In the sixth century BC, Lao-tzu, the Chinese sage, said he had just three things to teach: simplicity, patience, and compassion—citing these three as our greatest treasures. In our lives (one-third of which we spend at work), we’re continually learning these things.
Last week, a client asked me, “How do I get my teams to manage their time better? And how do I manage my time better in turn?”
The answer to this doesn’t feel simple to most of us. I’m a working mom with small children, a traveling spouse and a whirlwind of responsibilities. Each of these precious pieces of our lives demand our time and our energy.
So, to answer this question, I channeled Lao-tzu’s words. We shouldn’t be managing our time, as much as we should be managing our energy.
Why? Energy is a renewable resource—time is not. Time is the great equalizer: We are all given a finite amount of it. No matter how wealthy I become, how many awards I collect, how perfectly healthy my body, I cannot buy, earn or guarantee any more time. But energy is infinite when you can tap into its source.
At work, this manifests in the difference between feeling “energized” or “busy.”
We feel energized and alive at work when we use our natural strengths and pursue our inherent curiosities. These things drive our confidence and productivity.
Being busy all day long without feeling fulfilled is a red flag that our energy reserves are being slowly depleted —task by task, meeting by meeting, and email by email.
The good news is that we have complete control over the choices we make all day long.
Here are a couple of ways to begin managing your energy instead of your time.
Reflect on what gives you energy and brings you joy.
List those things. Pay particular attention to the things or people that drain your energy and steal your time. List those too. Then, identify one change you can make right now so that you’re doing more of what gives you energy and less of what doesn’t. You’ll get instant gratification from this quick change.
Consider your values.
As leaders, the environment you allow is the environment you create. Get clear on what’s important. We can’t do everything that comes our way and maximize our productivity. Think about your own values here. Protect the few important things by saying “no” to the trivial many. This will liberate you and put you in control of your life.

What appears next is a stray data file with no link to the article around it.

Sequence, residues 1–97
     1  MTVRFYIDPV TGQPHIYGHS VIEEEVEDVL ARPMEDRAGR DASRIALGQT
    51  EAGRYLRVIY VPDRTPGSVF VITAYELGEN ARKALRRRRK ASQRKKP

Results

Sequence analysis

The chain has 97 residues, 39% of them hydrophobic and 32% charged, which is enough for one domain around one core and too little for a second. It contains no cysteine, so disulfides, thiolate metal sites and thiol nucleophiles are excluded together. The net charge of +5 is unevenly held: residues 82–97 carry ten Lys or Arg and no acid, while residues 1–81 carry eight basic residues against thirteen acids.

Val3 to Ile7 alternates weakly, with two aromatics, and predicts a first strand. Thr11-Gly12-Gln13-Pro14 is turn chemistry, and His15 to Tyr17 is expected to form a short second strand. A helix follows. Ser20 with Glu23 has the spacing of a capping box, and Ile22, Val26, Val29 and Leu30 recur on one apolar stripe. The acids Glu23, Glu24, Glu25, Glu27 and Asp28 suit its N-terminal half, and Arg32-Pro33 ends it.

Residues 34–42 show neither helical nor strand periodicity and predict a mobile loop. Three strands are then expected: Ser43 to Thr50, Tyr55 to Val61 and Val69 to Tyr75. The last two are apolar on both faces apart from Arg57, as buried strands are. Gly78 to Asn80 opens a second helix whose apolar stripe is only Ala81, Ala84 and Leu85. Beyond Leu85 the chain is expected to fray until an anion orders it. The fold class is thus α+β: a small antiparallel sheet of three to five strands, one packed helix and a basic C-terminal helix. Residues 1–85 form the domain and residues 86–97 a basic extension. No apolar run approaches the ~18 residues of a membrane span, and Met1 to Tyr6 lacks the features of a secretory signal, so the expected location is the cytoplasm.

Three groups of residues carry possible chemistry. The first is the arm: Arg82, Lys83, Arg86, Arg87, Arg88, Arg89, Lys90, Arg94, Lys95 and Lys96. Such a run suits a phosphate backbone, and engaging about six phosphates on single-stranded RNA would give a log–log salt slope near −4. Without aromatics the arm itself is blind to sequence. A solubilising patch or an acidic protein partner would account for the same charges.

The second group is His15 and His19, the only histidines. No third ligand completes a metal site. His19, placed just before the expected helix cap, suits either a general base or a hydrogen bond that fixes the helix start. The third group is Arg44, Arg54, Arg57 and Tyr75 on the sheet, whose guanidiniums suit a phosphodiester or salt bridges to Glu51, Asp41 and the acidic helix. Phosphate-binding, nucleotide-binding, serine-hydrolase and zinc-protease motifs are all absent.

Bring more of who you are to what you do.
That starts with knowing who you are (assessments can help here). We get energy from work that aligns with our inherent motivating needs. If the performance requirements of my job align with my human needs/drives, I am more confident and productive. If I’m in a role that doesn’t meet my needs, I have to adapt. Adapting is a choice—we can all do it, but it drains our energy over time and may result in burnout. How might you leverage more of your natural strengths at work? Is there a new project you could take on or one you can delegate?
The golden rule doesn’t work at work.
Don’t manage folks the way you want to be managed. Instead, invest in understanding where their energy comes from so that you can foster an environment in which they can renew it. This is compassionate leadership. Couple this with openness and acceptance about our personality differences and things get simpler.
Managing our energy is an exercise.
I love what Mark Nepo writes on this topic: To be simple “holds the reward for living directly, which is that things appear, at last, as they really are. … Nothing else in nature is indirect. The leopard trying to scale the mountain strains and shows his effort… The wave mounting toward shore saves nothing as it bows and spreads itself over and over against the shore… Only humans say one thing and mean another. Only we go one way and wish we were somewhere else.”
Managing our energy is an exercise that allows us to step into the fullness of who we really are and align our personality to our purpose. Time is the manmade container for this sacred work.
Examine your environment.
Are your team members in roles that allow them to renew their energy? Do they have simple clarity around their purpose? Are they being led according to their inherent strengths? When the answer is yes, you won’t need to manage their time.
This article originally appeared in the Indianapolis Business Journal on April 15, 2019.
In a previous management skills training, we asked 200 participants the following question: “From your perspective as a manager what barriers do you see (if any) to incorporating engagement actions into your day-to-day management practice?” No surprise that by far the two most frequent responses were “lack of time” and “heavy workload. Interested in maximizing your engagement? Check out the post Five Engagement Hacks that will help you Turn Up the Volume on Engagement.